Do one thing: develop at least one strategy for eliminating, or at least minimising your ‘bad’ days.
(And if you want to monitor improvement then choose past and future culture indicators to chart as outlined above.)
Thanks for reading.
People talk about values a lot. But I think often they don’t really understand what they are and why they’re important. There may be a list of your business values up on the wall where you work. But what are they really all about?
The word value comes originally from the latin word valere, which means force. In old French it then became valoir, which means to be worth, before becoming our english word values, which we define as ‘principles or standards of behaviour; your individual and personal judgement of what is important in life.’
Your values are a central part of who you are; who you want to be as a person, as a leader and as a manager; the lines you won’t cross in the way you operate; in the way you want to be with friends, family and colleagues.
Your values are your internal compass. They guide every decision, every behaviour, and every action that you take. When you go against your values, you feel it in your gut. Your gut tells you that what you've done isn't right (you may feel physically uncomfortable) whereas when you’re in line with your values, everything feels just right.
What are your values?
Whenever I ask this question in a group setting - a workshop, a networking event - the same two words are always trotted out - ‘honesty’ and ‘integrity’. And yes of course, you want to be honest, always, and yes, absolutely, you want to demonstrate integrity. But for me these are the most basic of values - the values that are the foundations of being a decent human being.
When I’m talking about values, I’m talking about the things that make you, you. The things that your family, friends and team would say really matter to you. The things that make you angry, the things that delight you, the things that you rail passionately for, or against. They are the force that drives you; the things that show what you’re worth; the heart and soul of who you are. Maybe it’s your attention to detail. Maybe it’s that you always tell it like it is. Maybe it’s that you listen in order to understand.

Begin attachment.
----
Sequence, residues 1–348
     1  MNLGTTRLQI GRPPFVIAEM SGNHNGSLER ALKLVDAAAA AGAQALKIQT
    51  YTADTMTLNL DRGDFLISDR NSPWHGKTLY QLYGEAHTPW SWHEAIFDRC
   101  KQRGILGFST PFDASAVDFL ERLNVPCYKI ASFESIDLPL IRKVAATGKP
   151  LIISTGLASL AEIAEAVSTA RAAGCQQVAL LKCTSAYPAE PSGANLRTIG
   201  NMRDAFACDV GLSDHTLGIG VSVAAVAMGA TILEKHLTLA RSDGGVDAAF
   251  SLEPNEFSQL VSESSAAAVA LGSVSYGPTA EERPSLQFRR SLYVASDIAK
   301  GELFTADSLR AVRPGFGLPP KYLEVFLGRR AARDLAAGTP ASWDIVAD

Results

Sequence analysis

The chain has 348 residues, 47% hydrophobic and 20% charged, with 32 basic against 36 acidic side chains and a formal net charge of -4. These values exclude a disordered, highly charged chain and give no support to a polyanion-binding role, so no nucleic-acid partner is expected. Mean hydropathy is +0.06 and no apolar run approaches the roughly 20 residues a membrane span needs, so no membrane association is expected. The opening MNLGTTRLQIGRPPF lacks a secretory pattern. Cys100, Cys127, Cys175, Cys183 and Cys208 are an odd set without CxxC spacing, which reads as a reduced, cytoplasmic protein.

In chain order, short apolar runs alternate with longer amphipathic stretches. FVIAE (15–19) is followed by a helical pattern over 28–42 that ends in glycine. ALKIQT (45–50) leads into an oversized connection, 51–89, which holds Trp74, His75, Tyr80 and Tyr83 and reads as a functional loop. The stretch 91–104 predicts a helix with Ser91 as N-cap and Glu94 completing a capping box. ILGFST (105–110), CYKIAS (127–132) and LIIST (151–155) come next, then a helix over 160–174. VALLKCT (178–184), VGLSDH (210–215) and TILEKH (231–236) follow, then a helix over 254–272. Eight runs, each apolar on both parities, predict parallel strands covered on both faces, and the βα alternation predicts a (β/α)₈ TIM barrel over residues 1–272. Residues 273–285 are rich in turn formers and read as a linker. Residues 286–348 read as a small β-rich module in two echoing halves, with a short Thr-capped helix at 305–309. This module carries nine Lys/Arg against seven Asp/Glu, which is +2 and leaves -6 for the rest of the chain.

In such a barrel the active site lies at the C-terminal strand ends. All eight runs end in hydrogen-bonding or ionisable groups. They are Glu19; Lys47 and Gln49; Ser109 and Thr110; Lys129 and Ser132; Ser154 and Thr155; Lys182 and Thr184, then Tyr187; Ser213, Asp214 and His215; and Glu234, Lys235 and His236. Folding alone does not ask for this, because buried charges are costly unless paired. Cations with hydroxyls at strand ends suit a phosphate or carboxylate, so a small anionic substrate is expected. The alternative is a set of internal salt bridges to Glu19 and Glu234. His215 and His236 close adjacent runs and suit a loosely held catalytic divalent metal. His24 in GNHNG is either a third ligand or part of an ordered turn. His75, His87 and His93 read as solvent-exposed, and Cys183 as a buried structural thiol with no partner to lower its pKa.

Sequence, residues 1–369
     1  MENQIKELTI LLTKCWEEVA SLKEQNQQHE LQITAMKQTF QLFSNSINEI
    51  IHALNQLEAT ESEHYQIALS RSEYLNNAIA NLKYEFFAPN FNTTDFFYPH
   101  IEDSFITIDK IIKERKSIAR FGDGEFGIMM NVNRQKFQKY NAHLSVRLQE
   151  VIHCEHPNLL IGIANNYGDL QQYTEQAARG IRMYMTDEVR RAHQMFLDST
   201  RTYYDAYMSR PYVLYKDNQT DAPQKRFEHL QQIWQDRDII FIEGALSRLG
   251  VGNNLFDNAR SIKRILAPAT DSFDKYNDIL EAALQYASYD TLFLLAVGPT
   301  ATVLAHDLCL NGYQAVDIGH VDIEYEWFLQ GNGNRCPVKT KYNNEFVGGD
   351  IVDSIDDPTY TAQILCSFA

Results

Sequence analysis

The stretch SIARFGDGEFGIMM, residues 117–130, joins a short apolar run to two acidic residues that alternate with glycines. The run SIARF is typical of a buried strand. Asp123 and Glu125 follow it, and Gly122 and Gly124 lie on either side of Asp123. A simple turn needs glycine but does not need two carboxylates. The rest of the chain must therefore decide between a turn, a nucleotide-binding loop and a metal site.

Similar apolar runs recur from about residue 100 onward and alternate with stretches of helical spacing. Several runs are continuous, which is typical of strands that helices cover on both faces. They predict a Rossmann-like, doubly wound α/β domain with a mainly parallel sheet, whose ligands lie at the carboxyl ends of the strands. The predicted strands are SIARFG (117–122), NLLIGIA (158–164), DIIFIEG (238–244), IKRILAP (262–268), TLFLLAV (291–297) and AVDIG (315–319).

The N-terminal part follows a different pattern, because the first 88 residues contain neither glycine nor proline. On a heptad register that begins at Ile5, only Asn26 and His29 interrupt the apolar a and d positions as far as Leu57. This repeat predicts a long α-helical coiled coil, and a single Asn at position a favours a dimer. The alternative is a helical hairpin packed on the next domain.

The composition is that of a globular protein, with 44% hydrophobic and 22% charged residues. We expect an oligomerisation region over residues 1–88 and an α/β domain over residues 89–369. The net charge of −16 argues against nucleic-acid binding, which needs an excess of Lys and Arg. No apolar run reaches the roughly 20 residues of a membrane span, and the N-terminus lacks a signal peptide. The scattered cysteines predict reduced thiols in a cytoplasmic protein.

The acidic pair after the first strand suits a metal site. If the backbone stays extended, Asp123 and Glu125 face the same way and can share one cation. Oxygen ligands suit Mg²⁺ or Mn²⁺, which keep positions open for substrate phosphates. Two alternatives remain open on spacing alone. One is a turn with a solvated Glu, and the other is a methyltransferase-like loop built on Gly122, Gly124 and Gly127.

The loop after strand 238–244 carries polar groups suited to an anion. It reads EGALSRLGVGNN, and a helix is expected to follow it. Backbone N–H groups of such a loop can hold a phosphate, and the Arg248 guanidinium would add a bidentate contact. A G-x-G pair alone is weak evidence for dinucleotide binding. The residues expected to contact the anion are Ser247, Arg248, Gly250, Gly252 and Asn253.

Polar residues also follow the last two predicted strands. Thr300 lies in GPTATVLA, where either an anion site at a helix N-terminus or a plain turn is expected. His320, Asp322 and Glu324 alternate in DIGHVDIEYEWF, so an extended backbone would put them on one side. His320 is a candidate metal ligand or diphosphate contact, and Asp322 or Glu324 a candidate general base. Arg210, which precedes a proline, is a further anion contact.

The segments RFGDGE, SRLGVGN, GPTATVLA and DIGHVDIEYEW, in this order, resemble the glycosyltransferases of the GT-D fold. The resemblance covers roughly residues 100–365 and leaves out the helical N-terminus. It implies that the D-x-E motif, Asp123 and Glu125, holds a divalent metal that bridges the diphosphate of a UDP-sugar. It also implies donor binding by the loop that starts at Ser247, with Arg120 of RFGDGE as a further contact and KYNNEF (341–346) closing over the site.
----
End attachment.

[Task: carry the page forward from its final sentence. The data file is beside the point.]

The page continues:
An architect client of mine was struggling to define what his values were. He’d trotted out honesty and integrity and then got stuck. I’d noticed though that in conversation over the two days I’d spent with him, he had said a number of times that he believed that there was always another way, another viewpoint. He told me that every time his architects were going to look at a new project, he would say to them ‘whatever your first thoughts are, remember, there’s always another way, so look for it. Look for all the options. Broaden your view.’
It was something he believed in strongly, something he lived by, a force that drove him to look at other viewpoints, other options; to expand his thinking. It was clearly one of his values.
Keeping in touch with your values is a lifelong exercise.
As you move through life, your values may change. For example, when you start out, success, measured by money and status, might be a top priority. But as you get older, perhaps after you have a family, you may value work-life harmony more.
When thinking about what your values are, ask yourself:
Let me give you an example from a private client I worked with a while ago and the feedback I gave them, which illustrates the point.
‘You say that you want a team that takes ownership for their role and how it is performed, but your team see you needing to be consulted on every decision, and keeping tight control.’
‘You say that you want a fast-paced organisation that grows at speed, but you over-analyse everything and take forever to make decisions.’
'You say that you value your people, but you cancel training sessions and team events.’
‘You say that you value your clients and want them to have first class service - but you ignore customer feedback and seem accepting of failure to deliver on time.’
What you DO is a megaphone for what you believe in.
So what do you believe in? What would your team say you value?
Your values are all about you and the personality of your business - you’re going to hire team members who share those values - you’re going to attract customers who love your values. You want these values to inspire, to attract, to hold everything together.
A brand strategy business I know has the following as their values:
So? Who are you?
Do one thing: Work that out. Then ask yourself, and your team, if your day to day behaviour reflects who you are and what you believe in.
Thanks for reading.
I can remember attending a creative thinking workshop once. Not only did it not get my creative juices flowing, but the few I had, shrivelled up and died!